How to maintain a good relationship with your flatmates
by Flatmates Team
Maintaining a good relationship with your flatmates is about the most important thing you can do as a member of a share house.
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Anyone who’s lived in a house in which a relationship has broken down will tell you how tense, awkward and downright unenjoyable being at home becomes for everyone. So putting in some work to make sure things remain friendly is very much worth a little time and effort.
Here are some easy ways you can help keen things on an even keel.
With flatmates often on different schedules or running in different friendship circles, does it ever feel like you’re just strangers who sell hello in passing once a day?
Making time to actually sit down and catch up with your housemates seems like a no-brainer if you want to stay on good terms, but unless you set time aside, it’s an easy one to let slip.
It could be a fortnightly meal together at home, a Sunday afternoon beer at the pub or even a weekly TV show that you all enjoy together. Whatever it is, try to make time for a regular catch-up so you have some common ground.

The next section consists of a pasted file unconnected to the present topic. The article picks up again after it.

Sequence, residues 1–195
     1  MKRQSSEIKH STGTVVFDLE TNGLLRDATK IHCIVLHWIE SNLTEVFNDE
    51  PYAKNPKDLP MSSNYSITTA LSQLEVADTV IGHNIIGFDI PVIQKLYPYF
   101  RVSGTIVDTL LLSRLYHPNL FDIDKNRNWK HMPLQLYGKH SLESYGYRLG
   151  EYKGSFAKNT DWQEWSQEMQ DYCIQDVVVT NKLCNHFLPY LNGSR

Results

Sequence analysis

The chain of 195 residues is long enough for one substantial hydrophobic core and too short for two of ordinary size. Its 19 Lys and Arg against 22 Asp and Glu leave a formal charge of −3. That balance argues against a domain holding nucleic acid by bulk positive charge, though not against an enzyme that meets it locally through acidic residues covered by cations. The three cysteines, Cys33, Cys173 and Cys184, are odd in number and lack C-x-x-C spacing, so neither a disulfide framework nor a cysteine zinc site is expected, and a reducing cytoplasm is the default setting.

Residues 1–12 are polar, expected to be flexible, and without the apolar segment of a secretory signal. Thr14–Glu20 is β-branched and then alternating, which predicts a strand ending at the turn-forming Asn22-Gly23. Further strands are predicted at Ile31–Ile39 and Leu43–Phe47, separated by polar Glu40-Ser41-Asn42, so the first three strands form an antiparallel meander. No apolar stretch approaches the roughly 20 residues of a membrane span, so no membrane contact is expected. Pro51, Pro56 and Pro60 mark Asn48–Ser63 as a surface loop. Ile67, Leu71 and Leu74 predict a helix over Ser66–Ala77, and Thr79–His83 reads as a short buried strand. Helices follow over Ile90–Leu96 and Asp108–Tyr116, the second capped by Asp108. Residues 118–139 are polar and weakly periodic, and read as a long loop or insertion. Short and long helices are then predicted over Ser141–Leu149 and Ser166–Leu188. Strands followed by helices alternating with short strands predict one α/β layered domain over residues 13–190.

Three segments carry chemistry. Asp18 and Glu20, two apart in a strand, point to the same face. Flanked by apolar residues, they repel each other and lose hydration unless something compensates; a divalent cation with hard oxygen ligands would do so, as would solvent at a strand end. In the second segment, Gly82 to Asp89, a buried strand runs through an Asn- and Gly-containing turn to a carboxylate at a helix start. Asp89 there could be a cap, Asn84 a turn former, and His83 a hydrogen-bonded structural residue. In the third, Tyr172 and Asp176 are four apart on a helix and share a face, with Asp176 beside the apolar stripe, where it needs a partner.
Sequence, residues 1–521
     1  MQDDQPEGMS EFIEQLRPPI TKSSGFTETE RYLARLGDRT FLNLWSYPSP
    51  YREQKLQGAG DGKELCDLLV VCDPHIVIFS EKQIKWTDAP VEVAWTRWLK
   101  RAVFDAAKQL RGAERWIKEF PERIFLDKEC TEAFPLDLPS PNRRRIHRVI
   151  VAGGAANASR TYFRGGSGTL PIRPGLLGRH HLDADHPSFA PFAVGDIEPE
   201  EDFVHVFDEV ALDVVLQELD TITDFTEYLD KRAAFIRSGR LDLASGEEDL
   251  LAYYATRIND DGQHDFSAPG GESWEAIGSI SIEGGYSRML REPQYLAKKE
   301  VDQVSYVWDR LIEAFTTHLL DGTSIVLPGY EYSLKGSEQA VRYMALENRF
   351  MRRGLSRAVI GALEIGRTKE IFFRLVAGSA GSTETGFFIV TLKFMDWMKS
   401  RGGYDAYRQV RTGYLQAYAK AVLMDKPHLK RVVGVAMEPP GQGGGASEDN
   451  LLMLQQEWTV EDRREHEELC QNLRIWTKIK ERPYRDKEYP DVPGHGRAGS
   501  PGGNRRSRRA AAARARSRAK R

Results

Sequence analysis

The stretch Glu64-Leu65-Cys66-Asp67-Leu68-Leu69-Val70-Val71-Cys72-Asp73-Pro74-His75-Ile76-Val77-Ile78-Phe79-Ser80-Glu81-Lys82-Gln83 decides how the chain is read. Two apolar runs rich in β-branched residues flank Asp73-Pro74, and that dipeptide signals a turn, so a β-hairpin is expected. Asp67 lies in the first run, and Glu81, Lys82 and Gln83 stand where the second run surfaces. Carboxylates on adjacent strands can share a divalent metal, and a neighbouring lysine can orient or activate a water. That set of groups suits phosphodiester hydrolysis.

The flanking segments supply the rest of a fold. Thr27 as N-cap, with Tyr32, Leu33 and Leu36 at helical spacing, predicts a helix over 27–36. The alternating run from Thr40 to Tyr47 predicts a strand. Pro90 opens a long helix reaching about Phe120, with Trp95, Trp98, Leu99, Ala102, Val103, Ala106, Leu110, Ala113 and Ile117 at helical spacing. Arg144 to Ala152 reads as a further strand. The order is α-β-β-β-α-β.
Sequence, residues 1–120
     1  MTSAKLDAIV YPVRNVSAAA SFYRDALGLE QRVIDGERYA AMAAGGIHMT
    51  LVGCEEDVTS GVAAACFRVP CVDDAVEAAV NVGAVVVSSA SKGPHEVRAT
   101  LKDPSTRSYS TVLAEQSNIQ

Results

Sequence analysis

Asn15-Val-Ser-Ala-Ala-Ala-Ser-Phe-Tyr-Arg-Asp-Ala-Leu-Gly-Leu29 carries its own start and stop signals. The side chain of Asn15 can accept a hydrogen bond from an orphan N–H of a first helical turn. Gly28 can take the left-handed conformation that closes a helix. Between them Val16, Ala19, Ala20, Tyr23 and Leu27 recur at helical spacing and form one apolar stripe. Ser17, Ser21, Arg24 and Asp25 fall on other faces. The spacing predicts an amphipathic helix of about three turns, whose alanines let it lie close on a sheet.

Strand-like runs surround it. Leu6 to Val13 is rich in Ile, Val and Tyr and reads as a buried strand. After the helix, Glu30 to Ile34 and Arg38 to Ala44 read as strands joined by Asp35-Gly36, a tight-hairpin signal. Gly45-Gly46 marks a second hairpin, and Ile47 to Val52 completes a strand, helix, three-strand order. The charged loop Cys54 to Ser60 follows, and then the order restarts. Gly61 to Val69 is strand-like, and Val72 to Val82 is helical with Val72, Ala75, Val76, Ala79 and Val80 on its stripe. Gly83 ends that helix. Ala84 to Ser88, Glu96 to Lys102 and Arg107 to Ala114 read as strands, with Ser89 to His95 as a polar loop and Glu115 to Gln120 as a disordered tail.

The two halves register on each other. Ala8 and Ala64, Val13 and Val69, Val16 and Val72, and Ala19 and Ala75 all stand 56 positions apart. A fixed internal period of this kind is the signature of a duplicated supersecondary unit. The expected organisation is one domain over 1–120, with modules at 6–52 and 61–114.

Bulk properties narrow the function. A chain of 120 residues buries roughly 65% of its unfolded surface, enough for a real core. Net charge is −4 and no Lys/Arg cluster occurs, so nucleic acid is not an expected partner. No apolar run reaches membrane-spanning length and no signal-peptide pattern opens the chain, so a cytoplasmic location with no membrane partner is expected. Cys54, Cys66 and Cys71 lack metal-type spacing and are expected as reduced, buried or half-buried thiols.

Given you might rarely all be in the same place at the same time, how do you and your flatmates let each other know about household-related issues like whose turn it is to take out the rubbish, someone having a group of friends around on a Saturday night, or that you’re heading overseas for a couple of weeks?
It’s important to have an easy and effective way to communicate, whether that be a pin board in the kitchen, a private Facebook group or via a messaging service like WhatsApp. Find one that works for you and your flatmates, so that everything can be communicated quickly and easily and so that you’re in contact regularly.
Transparency and honesty
There are few things more aggravating as a housemate than discovering that something of yours has been used and either damaged or not cleaned or returned afterwards.
Did they think you weren’t going to find out or care?
Share houses are nothing without trust, so honesty is always the best policy. If someone wants to use something that isn’t theirs, ask first. If someone breaks something, admit it and offer to pay for a replacement or come to an arrangement to split the cost.
Address issues early
No matter how close you are to your housemates, or how easygoing you are, it’s highly unlikely that it will always be smooth sailing.
Eventually everyone does something that upsets a housemate or just simply gets on their nerves. And left unchecked, it could fester into something much larger.
No one wants to create conflict, of course, but in the spirit of being open and honest, address any issues as soon as they arise. A quick reminder about a house rule or a friendly tap on the shoulder about something that might not be in the best interests of share house harmony is much better than stewing over it for weeks and allowing it to affect the relationships in the house.
“Have you done something that you should have told your flatmate? Get it off your chest and confess for your chance to win a cleaner for a year”